Since half of California’s energy comes from oil, it’s easy to quantify the impact if problems arise with the supply from any of these nations. More to the point, why aren’t we drilling here in California?
Won’t our drilling practices be more environmentally responsible? And won’t it benefit the environment to not have dozens of oil tankers perpetually belching bunker fuel exhaust off the coast of Long Beach, and that only after they’ve belched their way across the Pacific Ocean? Even if Californians cut consumption of oil by 50 percent, we would still have to more than double our production of in-state oil before we’d eliminate imported oil.
Instead of recognizing that renewable energy technologies are not ready to pick up the slack, the state legislature has taken further steps to end oil production in California. SB 1137, signed by Governor Newsom in 2022, creates “health protection zones” within 3,200 feet of any “sensitive receptor,” i.e., any establishment open to the public or any residence.
The practical impact of SB 1137 will not only be to ban most future drilling, but also impose restrictions (and invite lawsuits) that will compel the shutdowns of existing wells. Fighting for its life, and in the interests of all working Californians, the industry has qualified a referendum on SB 1137 that will be on the state ballot this November.
The big alleged problem? The unhealthy air quality caused by methane leaks from these wells. But methane is lighter than air, meaning whatever minor leakage may occur at any of California’s strictly monitored wells will quickly dissipate upwards. Perhaps we may fulminate over the supposed climate impact of releasing methane into our atmosphere. But exporting that problem to other nations where wells will be even more prone to methane leakage is not a moral choice. It just kills good jobs right here in California.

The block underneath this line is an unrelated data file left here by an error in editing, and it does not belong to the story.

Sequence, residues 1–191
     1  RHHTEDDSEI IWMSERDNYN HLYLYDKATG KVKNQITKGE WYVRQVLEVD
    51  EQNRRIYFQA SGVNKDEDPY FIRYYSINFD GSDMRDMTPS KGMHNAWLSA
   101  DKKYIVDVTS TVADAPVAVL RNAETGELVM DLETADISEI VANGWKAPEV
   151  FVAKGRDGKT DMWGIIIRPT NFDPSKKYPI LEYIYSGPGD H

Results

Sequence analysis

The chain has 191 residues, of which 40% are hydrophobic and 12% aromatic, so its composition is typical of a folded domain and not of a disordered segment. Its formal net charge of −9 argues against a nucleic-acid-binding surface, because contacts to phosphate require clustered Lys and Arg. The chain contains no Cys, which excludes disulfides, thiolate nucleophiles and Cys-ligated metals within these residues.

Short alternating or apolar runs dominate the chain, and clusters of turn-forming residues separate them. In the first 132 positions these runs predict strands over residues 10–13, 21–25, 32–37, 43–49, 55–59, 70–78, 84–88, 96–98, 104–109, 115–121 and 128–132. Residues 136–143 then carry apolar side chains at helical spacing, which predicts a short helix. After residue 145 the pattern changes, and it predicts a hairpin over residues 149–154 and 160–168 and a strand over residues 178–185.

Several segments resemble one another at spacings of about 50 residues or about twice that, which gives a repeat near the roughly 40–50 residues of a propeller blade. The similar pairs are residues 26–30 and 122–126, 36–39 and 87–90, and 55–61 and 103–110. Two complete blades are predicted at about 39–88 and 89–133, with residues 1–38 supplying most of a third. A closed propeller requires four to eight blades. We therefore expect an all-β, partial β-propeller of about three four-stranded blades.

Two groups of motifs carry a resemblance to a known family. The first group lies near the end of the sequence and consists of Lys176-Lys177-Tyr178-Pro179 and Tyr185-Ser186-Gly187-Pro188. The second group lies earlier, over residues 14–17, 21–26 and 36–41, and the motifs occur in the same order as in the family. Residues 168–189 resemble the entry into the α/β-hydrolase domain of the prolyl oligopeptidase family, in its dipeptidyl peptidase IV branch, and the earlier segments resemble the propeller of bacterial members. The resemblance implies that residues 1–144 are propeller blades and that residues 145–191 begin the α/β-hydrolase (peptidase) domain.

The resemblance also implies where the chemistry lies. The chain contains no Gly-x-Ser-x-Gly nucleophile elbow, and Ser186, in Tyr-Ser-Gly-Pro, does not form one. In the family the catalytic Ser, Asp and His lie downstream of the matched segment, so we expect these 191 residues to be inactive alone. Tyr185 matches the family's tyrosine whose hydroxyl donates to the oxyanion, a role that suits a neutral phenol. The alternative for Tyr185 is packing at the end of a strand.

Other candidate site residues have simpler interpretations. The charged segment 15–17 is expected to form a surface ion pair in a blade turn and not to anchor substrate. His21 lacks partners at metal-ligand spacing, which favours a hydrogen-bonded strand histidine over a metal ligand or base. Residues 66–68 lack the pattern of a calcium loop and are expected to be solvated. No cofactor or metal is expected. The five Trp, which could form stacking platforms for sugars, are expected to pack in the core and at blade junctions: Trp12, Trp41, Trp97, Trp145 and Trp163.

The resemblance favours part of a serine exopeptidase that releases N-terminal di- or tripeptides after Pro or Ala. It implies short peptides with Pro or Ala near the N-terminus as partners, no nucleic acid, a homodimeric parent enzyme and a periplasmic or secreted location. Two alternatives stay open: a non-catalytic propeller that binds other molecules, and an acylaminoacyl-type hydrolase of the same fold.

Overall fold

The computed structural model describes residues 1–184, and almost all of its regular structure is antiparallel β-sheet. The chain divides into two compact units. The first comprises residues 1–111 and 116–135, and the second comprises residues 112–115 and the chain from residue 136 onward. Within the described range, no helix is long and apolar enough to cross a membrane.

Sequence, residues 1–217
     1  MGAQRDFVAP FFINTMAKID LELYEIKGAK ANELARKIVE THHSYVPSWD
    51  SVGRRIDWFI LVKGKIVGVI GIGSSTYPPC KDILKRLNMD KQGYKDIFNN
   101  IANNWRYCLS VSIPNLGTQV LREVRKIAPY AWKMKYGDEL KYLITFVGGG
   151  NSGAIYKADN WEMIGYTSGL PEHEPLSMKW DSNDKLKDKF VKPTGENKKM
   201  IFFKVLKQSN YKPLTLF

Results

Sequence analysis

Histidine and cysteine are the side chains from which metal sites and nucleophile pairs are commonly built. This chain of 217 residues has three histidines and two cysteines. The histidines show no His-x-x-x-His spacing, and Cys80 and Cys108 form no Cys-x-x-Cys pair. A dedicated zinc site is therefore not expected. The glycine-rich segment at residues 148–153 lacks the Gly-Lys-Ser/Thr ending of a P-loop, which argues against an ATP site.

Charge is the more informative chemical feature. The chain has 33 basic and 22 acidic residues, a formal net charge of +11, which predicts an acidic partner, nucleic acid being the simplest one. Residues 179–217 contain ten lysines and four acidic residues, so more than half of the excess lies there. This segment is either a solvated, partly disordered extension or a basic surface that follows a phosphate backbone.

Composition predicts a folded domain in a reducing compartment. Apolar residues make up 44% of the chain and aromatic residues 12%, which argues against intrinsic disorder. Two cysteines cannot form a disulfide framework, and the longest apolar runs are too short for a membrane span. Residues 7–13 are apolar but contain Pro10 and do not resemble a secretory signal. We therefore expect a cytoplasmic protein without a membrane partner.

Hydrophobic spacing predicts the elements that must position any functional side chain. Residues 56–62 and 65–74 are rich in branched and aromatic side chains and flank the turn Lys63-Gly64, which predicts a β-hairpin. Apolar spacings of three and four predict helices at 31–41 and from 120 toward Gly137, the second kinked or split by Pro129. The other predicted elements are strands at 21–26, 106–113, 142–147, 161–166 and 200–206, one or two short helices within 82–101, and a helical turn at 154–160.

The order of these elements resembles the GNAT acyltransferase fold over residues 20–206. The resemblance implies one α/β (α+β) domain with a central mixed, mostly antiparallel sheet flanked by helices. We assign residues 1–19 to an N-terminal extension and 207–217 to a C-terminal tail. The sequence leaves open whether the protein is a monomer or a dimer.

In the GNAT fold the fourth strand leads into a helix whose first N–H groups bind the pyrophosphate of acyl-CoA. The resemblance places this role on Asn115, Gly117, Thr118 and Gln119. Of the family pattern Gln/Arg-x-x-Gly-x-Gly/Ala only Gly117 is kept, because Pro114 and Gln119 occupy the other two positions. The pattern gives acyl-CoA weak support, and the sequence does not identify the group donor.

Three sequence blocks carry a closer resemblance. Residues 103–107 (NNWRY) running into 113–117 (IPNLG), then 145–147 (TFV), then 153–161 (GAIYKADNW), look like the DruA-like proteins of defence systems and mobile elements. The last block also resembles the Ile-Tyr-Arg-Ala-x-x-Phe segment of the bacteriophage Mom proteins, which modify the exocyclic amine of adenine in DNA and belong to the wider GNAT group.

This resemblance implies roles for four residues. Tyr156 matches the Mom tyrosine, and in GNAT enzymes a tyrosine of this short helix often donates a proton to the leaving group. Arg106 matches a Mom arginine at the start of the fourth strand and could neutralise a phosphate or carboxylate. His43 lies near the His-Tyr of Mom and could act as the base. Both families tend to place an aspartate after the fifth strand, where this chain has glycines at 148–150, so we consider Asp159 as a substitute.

California consumes 1.8 million barrels of oil per day, but only produces 463,000 barrels per day. In 1986, its production peak, California produced 1.1 million barrels per day.
The state did not run out of oil and gas reserves. The industry ran into the regulators.
What California’s policymakers have not come to terms with is the fact that we are importing nearly everything relating to energy production in California. Not just crude oil and natural gas, but wind turbines and blades, photovoltaic panels, and batteries.
How is this considered sustainable? We have created a regulatory environment in California where it is nearly impossible to dig, drill, develop, mine, log, graze, grow, or manufacture anything.
Governor Newsom needs to face the reality that fossil fuel is going to be an integral part of California’s energy landscape for decades to come, and that he is obligated to preserve the quality of life it enables. Newsom needs to work with energy producers, water agencies, and farming interests to formulate a new agenda for the state that puts people first.
Edward Ring is a senior fellow with the California Policy Center, which he co-founded in 2013. Ring is the author of Fixing California: Abundance, Pragmatism, Optimism (2021) and The Abundance Choice: Our Fight for More Water in California (2022).